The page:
- The Washington Times - Wednesday, June 20, 2001

Sometimes the fastest way to fix a problem is to ignore it.

For example, the quickest way to send a man to Alpha Centauri (the nearest star after the Sun) is to do nothing for at least a century. Right now, if we sent a manned rocket to visit Alpha Centauri, the occupant would die centuries before he got there. And when the rocket did arrive, people from Earth would probably already be there to greet it, hopefully in Star Trek uniforms. That's because some future generation will be able to do in days or hours what today's technology can only accomplish in centuries.

Of course, some problems can't wait. If your house is on fire, who cares that five years from now they'll come up with a much better way to put it out. If you're dying today, it doesn't do you much good to know that they'll come up with a cure for what ails you tomorrow.

In short, this is the real debate over global warming: Fix it now or fix it later. And, if you look at the facts, it's hard to see the case for fixing it now.

The National Academy of Sciences recently released a report - at the request of President Bush - summarizing what we do and, more importantly, do not know about global warming. The report found, among other things, that “greenhouse gases are accumulating in Earth's atmosphere as a result of human activities, causing surface air temperatures to rise and subsurface ocean temperatures to rise.”

But even deniers of global-warming don't dispute that. The relevant questions are: How much warming is there? Is the warming a problem? How responsible are humans for it? And what should we do about it? The answers are: Not much; not much; not much and, you guessed it, not much.

The NAS study was hailed by lazy journalists and opportunistic activists as definitive confirmation of the danger of global warming and irrefutable evidence that President Bush is an evil corporate stooge for killing the Kyoto treaty on global warming.

But the real news in the report is that scientists don't have a very good idea of what's happening to the climate. For example, satellite data still don't show any warming at all and haven't for more than two decades. And all of the computer models that “predict” future warming can't explain past climate trends.

Sure, pretty much everyone agrees that the Earth has gotten about 1 degree warmer over the last century. But that warming doesn't actually track human activity very closely. From the 1890s to the 1940s - when greenhouse emissions were low - there was a big warming trend. From the 1940s to the 1970s, things got cooler even as we pumped lots of gasses that were supposed to make things warmer. Don't you remember all of those predictions in the 1970s of another ice age?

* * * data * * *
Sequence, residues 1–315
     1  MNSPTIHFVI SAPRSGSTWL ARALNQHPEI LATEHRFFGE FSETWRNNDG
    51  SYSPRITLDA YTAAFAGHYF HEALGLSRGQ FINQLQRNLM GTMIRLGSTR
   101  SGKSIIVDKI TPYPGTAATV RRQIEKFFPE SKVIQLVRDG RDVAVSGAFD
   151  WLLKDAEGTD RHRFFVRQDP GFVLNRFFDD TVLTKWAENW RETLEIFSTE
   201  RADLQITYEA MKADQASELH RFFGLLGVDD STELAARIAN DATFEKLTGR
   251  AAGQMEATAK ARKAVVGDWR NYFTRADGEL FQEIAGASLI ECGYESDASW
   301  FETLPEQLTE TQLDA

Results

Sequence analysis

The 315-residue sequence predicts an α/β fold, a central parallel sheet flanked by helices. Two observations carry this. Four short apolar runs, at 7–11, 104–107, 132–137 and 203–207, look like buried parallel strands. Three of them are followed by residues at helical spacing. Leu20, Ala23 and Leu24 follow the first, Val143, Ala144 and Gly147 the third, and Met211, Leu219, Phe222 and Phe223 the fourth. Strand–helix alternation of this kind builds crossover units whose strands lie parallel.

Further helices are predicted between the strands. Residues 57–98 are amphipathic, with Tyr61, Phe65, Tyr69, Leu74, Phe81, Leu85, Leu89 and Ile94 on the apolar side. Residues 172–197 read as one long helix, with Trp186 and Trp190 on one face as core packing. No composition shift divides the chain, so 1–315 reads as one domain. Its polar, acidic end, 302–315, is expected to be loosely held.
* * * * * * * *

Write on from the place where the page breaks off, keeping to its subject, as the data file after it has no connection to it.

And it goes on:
You see, “climate change” is a redundancy, like ice cold or slimy lawyer. The Earth's climate has been running hot and cold like a shower in a Third World hotel from the get go.

For centuries, Europe was warm enough to support agriculture in places like Greenland and Iceland. But in the Middle Ages, Europe was much colder than it is today. The “Little Ice Age” of the 1300s to 1400s ruined northern agriculture, shortened growing seasons and helped hack a decade off life expectancies. As of now, it is impossible to tell how much of the current warming is simply part of the natural variation of a massively complex global climate.

But let's stipulate that human activity is driving a significant fraction of global warming. And let's assume that global warming is bad (longer crop seasons and milder winters were once considered boons for the poor and the hungry). And let's disregard the fact that even the most dire warming estimates wouldn't have particularly dire consequences. And let's ignore the fact that Kyoto-style solutions are political impossibilities. Even after you do all of that, the solutions being proposed are still like sending the space shuttle to Alpha Centauri today.

The Kyoto treaty's restrictions on carbon dioxide emissions would cost the United States about 3 percent or 4 percent of its gross domestic product (ital) every year (end ital) - and that's according to rosy Clinton Administration estimates. Meanwhile, India and China are exempt from any restrictions even though they will be the biggest producers of such gasses in the years to come.

The Chinese and the Indians reject emissions curbs because, as developing nations, they believe such limits would keep them impoverished.

Well, that argument goes for the United States, too. Economic progress is a barometer, albeit a crude one, for human technological progress. The richer we get, the more we can afford to study and improve the science of global warming and all sorts of other things, like alternative fuels. In a hundred years, the world (ital) may (end ital) be a bit warmer, but we may be able to fix the “problem” in a day.

You can write to Jonah Goldberg in care of this newspaper or by e-mail at [email protected]

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